The Barbarian Group superdesk, designed by Clive Wilkinson Architects, can accommodate as many as 170 workspaces.
The Barbarian Group superdesk, designed by Clive Wilkinson Architects, can accommodate as many as 170 workspaces.

While the open-office concept of the Barbarian Group’s new headquarters in New York City is not unusual, the undulating “superdesk” that fills the space is unexpected. Designed by Los Angeles-based Clive Wilkinson Architects (CWA), which also designed the rest of the new office space, this wow-inducing piece serves as a shared worktop for the interactive marketing firm’s entire staff and a physical representation of the firm’s collaborative approach to its work.

The 4,400-square-foot desk weaves through the 20,000-square-foot office, and while the path seems whimsical, each curve and arch was deliberately designed. “These grottoes that are created when the table lifts up are a direct reaction to the lines of circulation that need to happen through the space,” says Chester Nielsen, associate at of CWA. CWA used the 3D-modeling software Rhinoceros and Revit to achieve the desk’s geometry.

The arches are sheltered from the rest of the office, providing an element of privacy.
The arches are sheltered from the rest of the office, providing an element of privacy.


The desk measures 1,100 feet long and 11-1/2 feet across at its widest point. An embedded utility tray makes power and data cables accessible along the length of the desk. Barbarian set the desk up with 125 workstations when it moved into the office in January 2014, but the desk can accommodate up to 170 people. “It’s very flexible,” Nielsen says. “You just add more task chairs.”

Breakout spaces for teams to work are found under the arches.
Breakout spaces for teams to work are found under the arches.

While the unobstructed nature of the desktop encourages discourse, built-in upholstered seating located within the grottoes beneath the arches is ideal for quieter contemplation and more private discussions. “The coffers of the arches themselves offer acoustic privacy, and then within them we put acoustic insulation,” Nielsen explains. “You’re very protected.”

1. Arches for privacy and circulation

2. Arch ribs made from 4'-wide by 8'-long plywood panels

3. Upholstered seating

4. 2×4 framing and 4'-wide by 8'-long plywood panels
1. Arches for privacy and circulation 2. Arch ribs made from 4'-wide by 8'-long plywood panels 3. Upholstered seating 4. 2×4 framing and 4'-wide by 8'-long plywood panels


The desk was constructed using simple materials to give it a raw look and keep the cost low. The desktop is made of a combination of medium- and high-density fiberboard and is supported by pony walls that are built using 2x4 framing and 4-foot-wide by 8-foot-long standard plywood panels. The arch ribs are made of plywood pieces cut from panels that also measured 4 feet wide by 8 feet long.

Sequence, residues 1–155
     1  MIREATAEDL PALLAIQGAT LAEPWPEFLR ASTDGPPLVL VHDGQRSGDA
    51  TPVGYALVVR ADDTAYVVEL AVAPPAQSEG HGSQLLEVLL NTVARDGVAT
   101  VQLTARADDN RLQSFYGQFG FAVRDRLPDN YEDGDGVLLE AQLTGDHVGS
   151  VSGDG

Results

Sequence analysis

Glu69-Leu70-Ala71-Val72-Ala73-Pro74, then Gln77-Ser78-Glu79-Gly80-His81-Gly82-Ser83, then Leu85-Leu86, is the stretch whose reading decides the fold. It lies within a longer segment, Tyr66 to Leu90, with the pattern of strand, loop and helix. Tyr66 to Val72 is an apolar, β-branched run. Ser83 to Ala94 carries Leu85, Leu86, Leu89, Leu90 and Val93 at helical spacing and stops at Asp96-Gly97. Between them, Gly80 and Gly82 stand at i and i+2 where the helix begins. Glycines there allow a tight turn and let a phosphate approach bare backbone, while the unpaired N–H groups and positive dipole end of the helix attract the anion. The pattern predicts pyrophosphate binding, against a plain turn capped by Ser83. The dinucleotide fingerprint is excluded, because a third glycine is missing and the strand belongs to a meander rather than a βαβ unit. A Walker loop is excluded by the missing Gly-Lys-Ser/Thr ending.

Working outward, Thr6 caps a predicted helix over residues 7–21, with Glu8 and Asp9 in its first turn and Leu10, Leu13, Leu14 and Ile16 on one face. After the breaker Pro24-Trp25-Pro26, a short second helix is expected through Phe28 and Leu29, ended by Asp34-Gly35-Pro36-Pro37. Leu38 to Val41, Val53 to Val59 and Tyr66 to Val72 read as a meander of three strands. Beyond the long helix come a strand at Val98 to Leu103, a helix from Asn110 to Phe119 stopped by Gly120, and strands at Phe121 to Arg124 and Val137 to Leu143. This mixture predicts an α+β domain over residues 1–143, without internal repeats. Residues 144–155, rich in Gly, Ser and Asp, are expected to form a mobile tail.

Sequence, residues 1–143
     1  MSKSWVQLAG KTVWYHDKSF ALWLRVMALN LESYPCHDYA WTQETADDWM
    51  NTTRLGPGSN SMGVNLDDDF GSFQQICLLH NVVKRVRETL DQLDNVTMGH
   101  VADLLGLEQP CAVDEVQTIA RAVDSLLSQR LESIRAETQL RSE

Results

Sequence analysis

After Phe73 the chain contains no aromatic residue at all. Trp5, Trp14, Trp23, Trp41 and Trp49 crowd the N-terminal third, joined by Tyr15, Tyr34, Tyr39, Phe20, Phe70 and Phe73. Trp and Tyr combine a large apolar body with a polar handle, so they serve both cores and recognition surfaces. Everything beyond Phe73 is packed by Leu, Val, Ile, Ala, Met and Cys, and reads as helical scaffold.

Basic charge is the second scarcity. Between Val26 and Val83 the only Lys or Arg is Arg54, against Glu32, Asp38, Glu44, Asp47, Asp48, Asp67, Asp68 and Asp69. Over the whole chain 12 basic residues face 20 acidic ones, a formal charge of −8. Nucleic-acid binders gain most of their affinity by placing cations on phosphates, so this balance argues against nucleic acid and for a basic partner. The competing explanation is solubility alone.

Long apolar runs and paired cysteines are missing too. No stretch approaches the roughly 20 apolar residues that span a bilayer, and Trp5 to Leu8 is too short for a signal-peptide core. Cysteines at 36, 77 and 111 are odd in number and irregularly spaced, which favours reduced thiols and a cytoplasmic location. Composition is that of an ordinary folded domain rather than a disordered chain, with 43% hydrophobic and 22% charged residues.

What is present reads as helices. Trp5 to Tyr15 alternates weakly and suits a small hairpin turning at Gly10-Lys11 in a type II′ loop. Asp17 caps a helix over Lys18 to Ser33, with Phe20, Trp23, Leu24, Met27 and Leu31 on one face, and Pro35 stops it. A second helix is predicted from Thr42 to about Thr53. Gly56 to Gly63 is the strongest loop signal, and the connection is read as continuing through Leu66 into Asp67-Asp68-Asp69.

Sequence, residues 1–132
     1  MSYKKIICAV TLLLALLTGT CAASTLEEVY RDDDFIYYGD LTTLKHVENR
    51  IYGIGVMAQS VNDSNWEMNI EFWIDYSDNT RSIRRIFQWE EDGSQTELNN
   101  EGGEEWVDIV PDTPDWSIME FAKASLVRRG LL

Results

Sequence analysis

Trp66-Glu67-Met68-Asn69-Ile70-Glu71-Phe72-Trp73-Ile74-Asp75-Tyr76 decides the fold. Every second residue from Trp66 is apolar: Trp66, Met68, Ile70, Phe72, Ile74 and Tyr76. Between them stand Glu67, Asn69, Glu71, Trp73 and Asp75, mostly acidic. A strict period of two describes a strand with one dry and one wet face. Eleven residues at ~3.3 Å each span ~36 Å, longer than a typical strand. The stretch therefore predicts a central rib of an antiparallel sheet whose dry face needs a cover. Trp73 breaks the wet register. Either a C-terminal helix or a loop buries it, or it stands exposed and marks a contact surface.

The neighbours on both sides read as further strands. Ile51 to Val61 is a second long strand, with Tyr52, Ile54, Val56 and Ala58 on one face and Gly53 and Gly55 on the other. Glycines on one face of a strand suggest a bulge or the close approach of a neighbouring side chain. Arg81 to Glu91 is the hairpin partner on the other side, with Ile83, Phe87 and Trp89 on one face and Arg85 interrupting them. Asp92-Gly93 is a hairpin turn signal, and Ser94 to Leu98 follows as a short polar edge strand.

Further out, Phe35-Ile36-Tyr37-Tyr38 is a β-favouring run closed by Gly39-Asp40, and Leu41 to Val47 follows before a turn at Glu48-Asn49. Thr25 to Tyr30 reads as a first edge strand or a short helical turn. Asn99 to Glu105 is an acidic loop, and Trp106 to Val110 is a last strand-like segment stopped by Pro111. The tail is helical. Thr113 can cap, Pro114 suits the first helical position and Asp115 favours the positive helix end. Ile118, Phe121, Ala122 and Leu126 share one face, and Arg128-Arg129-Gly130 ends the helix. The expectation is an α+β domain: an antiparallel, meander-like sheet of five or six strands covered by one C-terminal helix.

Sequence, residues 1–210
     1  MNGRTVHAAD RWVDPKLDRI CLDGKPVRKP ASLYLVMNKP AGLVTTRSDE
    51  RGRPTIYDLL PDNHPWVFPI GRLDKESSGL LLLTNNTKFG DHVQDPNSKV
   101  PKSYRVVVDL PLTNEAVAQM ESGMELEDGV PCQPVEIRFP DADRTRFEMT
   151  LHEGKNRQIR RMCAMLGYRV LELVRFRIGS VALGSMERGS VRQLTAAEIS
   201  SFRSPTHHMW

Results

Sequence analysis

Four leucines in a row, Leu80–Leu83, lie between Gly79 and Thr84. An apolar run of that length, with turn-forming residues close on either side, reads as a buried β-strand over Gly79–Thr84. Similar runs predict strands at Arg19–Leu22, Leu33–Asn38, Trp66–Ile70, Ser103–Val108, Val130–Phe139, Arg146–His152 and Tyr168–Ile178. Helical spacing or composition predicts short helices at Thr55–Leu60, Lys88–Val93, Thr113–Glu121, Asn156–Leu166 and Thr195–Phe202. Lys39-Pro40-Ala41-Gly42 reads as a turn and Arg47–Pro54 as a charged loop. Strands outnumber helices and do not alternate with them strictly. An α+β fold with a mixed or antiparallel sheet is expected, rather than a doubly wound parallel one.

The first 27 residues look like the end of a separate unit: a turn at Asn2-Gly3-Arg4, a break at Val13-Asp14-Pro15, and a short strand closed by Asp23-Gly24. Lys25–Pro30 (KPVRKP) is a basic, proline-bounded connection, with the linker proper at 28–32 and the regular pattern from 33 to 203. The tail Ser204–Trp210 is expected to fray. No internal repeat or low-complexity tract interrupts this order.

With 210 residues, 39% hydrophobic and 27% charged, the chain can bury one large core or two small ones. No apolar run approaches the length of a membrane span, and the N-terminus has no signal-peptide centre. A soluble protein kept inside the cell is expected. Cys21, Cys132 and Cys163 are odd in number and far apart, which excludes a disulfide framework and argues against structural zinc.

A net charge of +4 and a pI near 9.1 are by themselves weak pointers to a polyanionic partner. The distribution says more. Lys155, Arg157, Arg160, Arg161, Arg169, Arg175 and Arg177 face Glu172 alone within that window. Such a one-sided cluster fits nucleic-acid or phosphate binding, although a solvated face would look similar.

When the superdesk was assembled, 4" steel plates were used to hold the plywood pieces in the arches together.
When the superdesk was assembled, 4" steel plates were used to hold the plywood pieces in the arches together.


Custom fabricator Machineous manufactured all of the components for the desk in its Los Angeles studio. The firm used repurposed automotive industrial robots, which it obtained from robot resellers or directly from the manufacturers, to cut the plywood panels. It equipped the robots with high-speed, spiral-flute milling bits and then used the 3D models to program the robots to cut the pieces. “You just put the piece of plywood down [and] have the robot work on it,” CWA’s Nielsen explains. The robots cut 500 individual pieces to form the desk’s six arches.

The Barbarian Group office plan.
The Barbarian Group office plan.


All of the pieces were then shipped cross-country to the Barbarian Group’s office, where Machineous and the general contractor, New York City-based GC Contractors, assembled the desk. The pieces fit together like a jigsaw puzzle, with 4-inch steel plates providing extra rigidity and Elmer’s wood glue and screws securing everything together. “It was essentially like a huge Ikea table because you have all the numbers, and you know where the numbers fit into each other,” Nielsen says. 

The kitchen and bar area gives employees a change of pace from the open-floor office space.
The kitchen and bar area gives employees a change of pace from the open-floor office space.


The team sandwiched the fiberboard pieces together and sealed the seams with Bondo before covering the entire desktop with a water-based pearlescent white paint to create a seamless worktop. After that, Los Angeles-based artist Casper Brindle covered the desktop with a surfboard-inspired resin topcoat. The water-based, eco-friendly resin was poured continuously for 24 hours to maintain the desktop’s continuity. “If you stop and let a section dry, you’re going to see that seam ... so they started at one end, and they rotated teams throughout the 24 hours,” Nielsen says.


In addition to serving as a functional worktop for everyone on the Barbarian Group’s staff, from chief executive to interns, the superdesk has become a symbol of the company’s evolution from a small firm to a legitimate player in the interactive marketing industry. “They’ve gotten everything that they have needed out of this project,” Nielsen says. “I’m proud to say that ... part of their recent success [is a result of] the workplace.”

The American Institute of Architects recently recognized the Barbarian Group’s office and superdesk and seven other projects with 2015 Institute Honor Awards for Interior Architecture. In response, Nielsen says, “We are honored to receive such an award. The project is [as] strong as the client [and] construction and design team behind it, all of whom deserve the accolade.”